27 October 2017
I'm currently reading Liza Mundy's Code Girls, a book about the role that American women played in World War II cryptanalysis. (By coincidence, it came out around the same time as The Woman Who Smashed Codes, a biography of Elizebeth Friedman, one of the greatest cryptanalysts in history.) Mundy notes that the attack on Japan's PURPLE machine was aided by a design feature: PURPLE encrypted 20 letters separately from 6 other letters. But why should the machine have been designed that way?
PURPLE, it turns out, was a descendant of RED, which had the same 20/6 split. In RED, though, the 6 letters were the vowels; the ciphertext thus preserved the consonant versus vowel difference from the plaintext. But why was that a desirable goal?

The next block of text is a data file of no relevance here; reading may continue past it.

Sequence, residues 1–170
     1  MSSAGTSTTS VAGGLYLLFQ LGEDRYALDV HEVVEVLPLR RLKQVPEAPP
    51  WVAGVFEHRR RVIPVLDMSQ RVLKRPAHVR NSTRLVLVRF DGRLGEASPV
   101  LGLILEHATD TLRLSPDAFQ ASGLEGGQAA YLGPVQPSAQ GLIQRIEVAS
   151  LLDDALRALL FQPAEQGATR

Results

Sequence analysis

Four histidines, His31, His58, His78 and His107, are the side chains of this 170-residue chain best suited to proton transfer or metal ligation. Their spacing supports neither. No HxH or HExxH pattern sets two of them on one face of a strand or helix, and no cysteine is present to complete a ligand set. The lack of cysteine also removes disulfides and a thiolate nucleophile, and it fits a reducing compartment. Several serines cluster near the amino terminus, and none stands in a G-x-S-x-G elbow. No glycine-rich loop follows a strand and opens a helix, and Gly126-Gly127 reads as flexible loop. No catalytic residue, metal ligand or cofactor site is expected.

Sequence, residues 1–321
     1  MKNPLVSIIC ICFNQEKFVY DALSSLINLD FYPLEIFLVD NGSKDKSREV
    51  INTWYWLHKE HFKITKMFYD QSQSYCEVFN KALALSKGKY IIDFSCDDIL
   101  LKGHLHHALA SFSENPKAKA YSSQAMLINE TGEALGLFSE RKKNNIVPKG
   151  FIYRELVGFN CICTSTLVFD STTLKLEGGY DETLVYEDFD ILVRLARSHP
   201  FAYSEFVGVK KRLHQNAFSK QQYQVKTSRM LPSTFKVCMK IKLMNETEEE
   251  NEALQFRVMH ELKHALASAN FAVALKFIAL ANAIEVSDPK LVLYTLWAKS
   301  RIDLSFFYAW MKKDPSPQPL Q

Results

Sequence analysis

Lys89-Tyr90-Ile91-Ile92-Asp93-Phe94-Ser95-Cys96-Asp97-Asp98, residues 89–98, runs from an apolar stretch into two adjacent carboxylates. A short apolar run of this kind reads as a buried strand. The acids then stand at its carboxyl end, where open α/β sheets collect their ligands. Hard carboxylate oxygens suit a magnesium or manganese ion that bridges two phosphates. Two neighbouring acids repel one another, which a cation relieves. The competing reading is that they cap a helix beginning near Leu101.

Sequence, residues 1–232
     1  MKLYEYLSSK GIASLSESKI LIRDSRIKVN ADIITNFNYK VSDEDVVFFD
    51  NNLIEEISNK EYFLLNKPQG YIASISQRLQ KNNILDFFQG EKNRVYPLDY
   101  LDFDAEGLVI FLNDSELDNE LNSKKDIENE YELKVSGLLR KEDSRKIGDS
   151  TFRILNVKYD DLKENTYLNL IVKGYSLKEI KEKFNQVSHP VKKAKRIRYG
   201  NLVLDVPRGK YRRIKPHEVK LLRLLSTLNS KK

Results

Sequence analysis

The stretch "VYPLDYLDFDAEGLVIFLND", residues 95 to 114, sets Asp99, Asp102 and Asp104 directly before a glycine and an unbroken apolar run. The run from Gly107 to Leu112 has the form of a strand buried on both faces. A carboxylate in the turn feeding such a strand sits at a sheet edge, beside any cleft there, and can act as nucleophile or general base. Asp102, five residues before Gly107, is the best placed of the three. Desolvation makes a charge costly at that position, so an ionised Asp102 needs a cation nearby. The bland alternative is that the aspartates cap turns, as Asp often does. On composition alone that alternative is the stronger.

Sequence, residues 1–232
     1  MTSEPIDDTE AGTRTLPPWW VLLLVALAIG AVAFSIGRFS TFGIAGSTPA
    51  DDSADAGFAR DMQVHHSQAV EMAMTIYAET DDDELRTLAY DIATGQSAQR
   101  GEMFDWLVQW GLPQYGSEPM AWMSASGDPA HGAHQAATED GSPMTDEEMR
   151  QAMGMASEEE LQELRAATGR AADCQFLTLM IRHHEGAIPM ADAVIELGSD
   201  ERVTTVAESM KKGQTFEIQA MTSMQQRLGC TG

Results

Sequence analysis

The answer was economy. Telegraph companies of the time charged by the word—but what is a "word"? Is ATOY a word? Two words? What about "GROUP LEADER"? In English, that's two words, but the German "GRUPPENFÜHRER" is one word. Could an English speaker write "GROUPLEADER" instead?
The exact rules were a subject of much debated and were codified into international regulations. One rule that was adopted was to permit artificial words if they were pronounceable, which in turn was instantiated as a minimum density of vowels. So, to save money, the Japanese cryptologists designed RED to keep the (high) vowel density of Japanese as rendered in Romaji.
These rules were hotly debated. One bitter opponent of any such rules was William Friedman, himself a great cryptanalyst (and the husband of Elizebeth) and the administrative head of the US Army group that eventually broke PURPLE.